The coin is exceptional," said Gibson, "because this is the first time that a coin of this kind has turned up in Jerusalem in a scientific dig. Coins of this type are usually only found in private collections, where we don't have clear evidence as to place of origin."The gold coin (aureus) bears the bare-headed portrait of the young Nero as Caesar. The lettering around the edge of the coin reads: NERO CAESAR AVG IMP. On the reverse of the coin is a depiction of an oak wreath containing the letters "EX S C," with the surrounding inscription "PONTIF MAX TR P III." Importantly, these inscriptions help to work out the date when the coin was struck as 56/57 AD. Identification of the coin was made by the historian and numismatist, Dr. David Jacobson from London.
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Israel - Jerusalem - Mount Zion. (CC BY 2.0)
"The coin probably came from one of the rich 2000-year old Jewish dwellings which the UNC Charlotte team have been uncovering at the site," said Gibson. "These belonged to the priestly and aristocratic quarter located in the Upper City of Jerusalem. Finds include the well-preserved rooms of a very large mansion, a Jewish ritual pool (mikveh) and a bathroom, both with their ceilings intact."This mansion and other like it, were utterly destroyed by Titus and the Roman legions, when Jerusalem was razed to the ground. It is likely, owing to the intrinsic value of the gold coin, it was hidden away ahead of the destruction of the city, and was missed by the marauding and looting Roman soldiers.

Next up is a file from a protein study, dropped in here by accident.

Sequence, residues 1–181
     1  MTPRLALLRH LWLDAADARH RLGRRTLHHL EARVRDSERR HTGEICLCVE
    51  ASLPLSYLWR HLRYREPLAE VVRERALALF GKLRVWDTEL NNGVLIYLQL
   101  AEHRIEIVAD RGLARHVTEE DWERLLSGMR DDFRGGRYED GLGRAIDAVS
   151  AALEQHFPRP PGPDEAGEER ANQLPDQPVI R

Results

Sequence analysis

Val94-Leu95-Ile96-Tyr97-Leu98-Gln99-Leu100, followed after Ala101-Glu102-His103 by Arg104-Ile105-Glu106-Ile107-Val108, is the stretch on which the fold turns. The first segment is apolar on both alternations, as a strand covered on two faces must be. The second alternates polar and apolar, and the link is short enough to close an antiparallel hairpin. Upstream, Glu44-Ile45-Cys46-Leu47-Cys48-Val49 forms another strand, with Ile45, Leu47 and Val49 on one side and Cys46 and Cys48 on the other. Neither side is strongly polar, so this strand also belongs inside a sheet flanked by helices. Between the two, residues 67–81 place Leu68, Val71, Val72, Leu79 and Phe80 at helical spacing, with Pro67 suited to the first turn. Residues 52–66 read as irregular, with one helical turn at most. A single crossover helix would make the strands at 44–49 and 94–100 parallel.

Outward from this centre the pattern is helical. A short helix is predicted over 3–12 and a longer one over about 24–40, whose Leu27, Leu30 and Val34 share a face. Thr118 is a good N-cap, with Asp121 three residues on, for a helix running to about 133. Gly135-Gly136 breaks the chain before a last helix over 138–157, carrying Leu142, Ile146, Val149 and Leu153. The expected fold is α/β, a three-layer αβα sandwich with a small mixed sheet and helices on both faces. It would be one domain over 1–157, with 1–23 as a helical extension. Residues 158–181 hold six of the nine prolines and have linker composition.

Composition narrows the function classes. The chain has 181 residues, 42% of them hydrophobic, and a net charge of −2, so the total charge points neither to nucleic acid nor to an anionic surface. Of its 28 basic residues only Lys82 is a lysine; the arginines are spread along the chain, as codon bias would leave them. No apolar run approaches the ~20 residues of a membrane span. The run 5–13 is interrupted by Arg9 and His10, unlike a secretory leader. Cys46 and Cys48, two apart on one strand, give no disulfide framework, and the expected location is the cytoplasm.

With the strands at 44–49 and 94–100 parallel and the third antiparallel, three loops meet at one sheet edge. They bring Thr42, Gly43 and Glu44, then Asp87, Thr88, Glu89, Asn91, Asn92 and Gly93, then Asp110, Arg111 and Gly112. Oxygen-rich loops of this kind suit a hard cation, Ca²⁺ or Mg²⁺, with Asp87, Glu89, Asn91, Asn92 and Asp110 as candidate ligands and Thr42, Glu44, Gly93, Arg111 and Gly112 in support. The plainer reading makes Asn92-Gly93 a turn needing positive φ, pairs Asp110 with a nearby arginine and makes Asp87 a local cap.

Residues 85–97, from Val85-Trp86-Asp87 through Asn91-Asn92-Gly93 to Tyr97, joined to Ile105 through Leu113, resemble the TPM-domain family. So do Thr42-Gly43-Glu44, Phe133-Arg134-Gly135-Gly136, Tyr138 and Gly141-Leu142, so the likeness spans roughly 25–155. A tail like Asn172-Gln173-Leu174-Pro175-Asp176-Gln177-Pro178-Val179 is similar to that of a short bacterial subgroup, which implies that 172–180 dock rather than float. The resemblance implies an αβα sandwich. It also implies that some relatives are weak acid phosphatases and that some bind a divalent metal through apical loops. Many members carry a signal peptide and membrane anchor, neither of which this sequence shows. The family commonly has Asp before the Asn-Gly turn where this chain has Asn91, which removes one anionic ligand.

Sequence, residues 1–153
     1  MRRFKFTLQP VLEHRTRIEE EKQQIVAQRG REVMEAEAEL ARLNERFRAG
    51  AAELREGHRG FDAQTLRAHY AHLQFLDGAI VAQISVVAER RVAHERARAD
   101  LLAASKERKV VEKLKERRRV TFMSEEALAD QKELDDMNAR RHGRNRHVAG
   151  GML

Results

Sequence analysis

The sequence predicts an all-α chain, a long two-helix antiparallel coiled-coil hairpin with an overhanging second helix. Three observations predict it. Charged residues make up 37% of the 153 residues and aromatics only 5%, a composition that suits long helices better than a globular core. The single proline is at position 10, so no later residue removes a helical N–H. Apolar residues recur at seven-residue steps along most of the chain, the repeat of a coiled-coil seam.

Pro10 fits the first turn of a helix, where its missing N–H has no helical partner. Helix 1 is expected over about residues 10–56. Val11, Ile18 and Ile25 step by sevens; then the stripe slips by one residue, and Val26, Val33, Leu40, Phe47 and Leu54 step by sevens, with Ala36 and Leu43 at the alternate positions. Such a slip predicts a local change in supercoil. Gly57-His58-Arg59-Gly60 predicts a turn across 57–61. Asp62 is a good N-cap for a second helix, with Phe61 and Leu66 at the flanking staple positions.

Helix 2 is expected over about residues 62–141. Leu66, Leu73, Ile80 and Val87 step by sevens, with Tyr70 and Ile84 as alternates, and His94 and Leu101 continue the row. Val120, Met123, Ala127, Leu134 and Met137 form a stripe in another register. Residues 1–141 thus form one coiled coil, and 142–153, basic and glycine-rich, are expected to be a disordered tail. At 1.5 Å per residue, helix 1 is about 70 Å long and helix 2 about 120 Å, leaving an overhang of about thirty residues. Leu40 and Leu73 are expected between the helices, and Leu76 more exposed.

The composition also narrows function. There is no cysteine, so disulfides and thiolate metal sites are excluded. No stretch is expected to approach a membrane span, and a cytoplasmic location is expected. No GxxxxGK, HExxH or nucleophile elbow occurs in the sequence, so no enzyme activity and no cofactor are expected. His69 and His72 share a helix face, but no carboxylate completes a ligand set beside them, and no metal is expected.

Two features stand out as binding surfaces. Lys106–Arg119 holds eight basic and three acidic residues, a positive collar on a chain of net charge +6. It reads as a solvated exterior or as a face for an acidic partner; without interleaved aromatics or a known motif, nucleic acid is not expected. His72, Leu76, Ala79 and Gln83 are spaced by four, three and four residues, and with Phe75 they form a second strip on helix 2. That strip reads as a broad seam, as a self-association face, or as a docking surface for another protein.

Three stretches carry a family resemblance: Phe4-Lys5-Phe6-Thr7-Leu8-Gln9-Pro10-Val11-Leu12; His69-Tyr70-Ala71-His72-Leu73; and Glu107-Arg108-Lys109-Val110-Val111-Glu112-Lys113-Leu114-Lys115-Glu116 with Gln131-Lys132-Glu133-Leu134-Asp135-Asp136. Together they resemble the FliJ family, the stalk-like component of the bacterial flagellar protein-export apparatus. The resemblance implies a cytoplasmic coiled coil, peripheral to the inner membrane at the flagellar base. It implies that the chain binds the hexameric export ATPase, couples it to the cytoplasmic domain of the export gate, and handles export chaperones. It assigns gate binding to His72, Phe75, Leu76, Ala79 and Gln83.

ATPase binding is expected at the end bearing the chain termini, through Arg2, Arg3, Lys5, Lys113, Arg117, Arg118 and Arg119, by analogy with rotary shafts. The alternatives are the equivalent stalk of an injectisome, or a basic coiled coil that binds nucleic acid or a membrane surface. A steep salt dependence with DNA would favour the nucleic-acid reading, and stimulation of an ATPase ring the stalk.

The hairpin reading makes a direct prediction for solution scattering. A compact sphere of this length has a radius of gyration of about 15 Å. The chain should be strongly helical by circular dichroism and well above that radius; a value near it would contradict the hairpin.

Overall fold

"It's a valuable piece of personal property and wouldn't have been cast away like rubbish or casually dropped. It's conceivable that it ended up outside these structures in the chaos that happened as this area was destroyed."
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A plaster bust of Nero, Pushkin Museum, Moscow. (CC BY-SA 3.0)The archaeological project has brought to light many other significant finds during the 2016 summer season, and work at the site will be resumed next year.
Top image: A Roman gold coin depicting the Emperor Nero, dated to 56 CE was discovered in summer, 2016 at UNC Charlotte's archaeological excavation at Jerusalem's Mt. Zion. Credit: Shimon Gibson
The article ‘Rare Roman gold coin found in Jerusalem at Mt. Zion archaeological dig’ was originally published on Science Daily.
Source: University of North Carolina at Charlotte. "Rare Roman gold coin found in Jerusalem at Mt. Zion archaeological dig." ScienceDaily. ScienceDaily, 13 September 2016. www.sciencedaily.com/releases/2016/09/160913150507.htm